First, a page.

As for the training I teach on my range.
With a 'new' archer I stand them at 20 feet. Yes feet.
And go over the basics with them. After several ends, when
they see that they can that they can do, what I ask, I move
them back slowly. An end at a time until they're at 20 yards.
If they have any difficulty we remain at the distance where this
occurs until they get over the hurtle.
After several practices where I try and boost their confidence.
And the bow is no longer strange to them, I attempt to
convince them to 'practice' at 40 yards. If you can hit the
target at 40 the rest is easier. I continue to fine tune the archer.
At no time do I entirely let them alone. I may step aside to let
them try things on their own, but I watch. Sometimes they
succeed, but I constantly encourage. When I'm teaching my
bow is not on the range. I'm there to teach, not shoot.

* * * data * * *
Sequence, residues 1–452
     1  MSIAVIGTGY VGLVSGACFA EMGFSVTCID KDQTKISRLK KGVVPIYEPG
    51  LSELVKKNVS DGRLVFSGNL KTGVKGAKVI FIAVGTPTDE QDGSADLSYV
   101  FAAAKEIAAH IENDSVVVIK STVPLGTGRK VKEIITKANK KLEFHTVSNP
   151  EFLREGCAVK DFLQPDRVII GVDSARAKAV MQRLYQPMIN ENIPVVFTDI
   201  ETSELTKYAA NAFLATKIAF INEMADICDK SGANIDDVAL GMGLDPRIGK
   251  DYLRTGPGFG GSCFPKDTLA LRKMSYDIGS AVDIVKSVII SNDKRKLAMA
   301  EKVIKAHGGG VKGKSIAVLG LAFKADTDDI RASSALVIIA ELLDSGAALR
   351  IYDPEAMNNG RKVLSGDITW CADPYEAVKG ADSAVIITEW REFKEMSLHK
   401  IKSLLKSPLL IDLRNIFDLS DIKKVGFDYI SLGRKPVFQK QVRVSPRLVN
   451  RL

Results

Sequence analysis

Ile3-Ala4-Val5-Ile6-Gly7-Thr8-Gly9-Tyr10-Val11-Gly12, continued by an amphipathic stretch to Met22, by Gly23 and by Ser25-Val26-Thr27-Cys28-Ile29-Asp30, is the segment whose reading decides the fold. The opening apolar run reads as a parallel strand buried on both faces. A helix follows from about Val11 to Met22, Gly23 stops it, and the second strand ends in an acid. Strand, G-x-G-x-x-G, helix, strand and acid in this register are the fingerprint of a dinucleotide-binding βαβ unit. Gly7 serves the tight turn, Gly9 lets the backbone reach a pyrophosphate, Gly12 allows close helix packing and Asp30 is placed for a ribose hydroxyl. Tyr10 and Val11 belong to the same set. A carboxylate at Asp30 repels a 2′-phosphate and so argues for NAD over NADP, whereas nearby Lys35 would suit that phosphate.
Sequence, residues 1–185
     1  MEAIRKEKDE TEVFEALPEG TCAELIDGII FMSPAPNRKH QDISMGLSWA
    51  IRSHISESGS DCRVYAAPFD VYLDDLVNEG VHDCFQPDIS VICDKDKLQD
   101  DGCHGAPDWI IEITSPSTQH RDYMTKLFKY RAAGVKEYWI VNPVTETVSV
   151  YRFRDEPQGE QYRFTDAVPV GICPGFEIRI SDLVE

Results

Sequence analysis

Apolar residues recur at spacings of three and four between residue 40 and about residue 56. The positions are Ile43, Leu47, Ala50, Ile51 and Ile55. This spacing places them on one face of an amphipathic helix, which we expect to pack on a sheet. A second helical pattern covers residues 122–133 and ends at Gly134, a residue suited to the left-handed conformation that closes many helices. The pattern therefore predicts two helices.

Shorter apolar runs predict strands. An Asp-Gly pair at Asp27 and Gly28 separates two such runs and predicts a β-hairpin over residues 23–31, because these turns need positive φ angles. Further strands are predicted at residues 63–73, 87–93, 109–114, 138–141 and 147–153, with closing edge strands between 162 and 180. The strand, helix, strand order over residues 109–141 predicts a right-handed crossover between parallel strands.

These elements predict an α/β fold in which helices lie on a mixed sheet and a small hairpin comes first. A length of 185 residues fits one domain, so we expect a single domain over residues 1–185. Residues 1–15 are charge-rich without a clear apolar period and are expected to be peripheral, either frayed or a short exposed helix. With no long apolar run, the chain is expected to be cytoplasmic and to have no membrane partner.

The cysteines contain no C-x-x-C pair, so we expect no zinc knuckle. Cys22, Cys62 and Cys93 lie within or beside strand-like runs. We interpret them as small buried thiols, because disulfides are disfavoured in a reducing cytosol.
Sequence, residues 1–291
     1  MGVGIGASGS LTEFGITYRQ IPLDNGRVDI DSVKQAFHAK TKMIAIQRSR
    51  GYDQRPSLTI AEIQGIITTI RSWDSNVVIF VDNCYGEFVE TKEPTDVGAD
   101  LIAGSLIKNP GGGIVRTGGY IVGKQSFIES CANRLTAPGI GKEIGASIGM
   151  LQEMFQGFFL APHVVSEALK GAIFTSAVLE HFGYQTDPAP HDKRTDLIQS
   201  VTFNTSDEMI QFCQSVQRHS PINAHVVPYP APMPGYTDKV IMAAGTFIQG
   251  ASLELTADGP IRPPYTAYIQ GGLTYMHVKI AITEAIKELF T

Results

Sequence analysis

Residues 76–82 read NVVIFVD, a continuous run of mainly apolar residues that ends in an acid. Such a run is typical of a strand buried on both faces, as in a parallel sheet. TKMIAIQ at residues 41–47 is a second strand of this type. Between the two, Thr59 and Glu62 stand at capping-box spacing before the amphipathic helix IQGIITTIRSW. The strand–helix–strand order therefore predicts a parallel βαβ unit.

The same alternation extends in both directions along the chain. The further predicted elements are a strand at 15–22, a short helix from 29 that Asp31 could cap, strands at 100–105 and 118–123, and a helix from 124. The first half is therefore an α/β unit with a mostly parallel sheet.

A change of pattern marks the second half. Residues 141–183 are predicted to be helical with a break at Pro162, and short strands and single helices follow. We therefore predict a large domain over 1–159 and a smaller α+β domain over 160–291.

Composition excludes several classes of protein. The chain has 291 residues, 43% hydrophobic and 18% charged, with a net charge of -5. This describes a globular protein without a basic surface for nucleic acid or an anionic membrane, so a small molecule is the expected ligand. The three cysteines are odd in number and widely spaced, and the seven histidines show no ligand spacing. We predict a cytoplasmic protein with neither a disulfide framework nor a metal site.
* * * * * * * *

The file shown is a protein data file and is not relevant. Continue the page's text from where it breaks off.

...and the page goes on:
I cannot do both. If I'm concentrating on the archer my scores
will suffer, so why bother. My practice will come at another
My youngest archer is 4. I started another last evening who
is 5 and she did quite well. She started hitting a 10 yard target
with a 18 pound bow. Her mother was amazed. Most people
I've seen tend to be over bowed. So I start my beginners out
with equipment that suits their size and physical condition.
I have lots of light weight bows for them to try. Many of the
green fiberglass varieties. These work.
I hope this is informative to the list.
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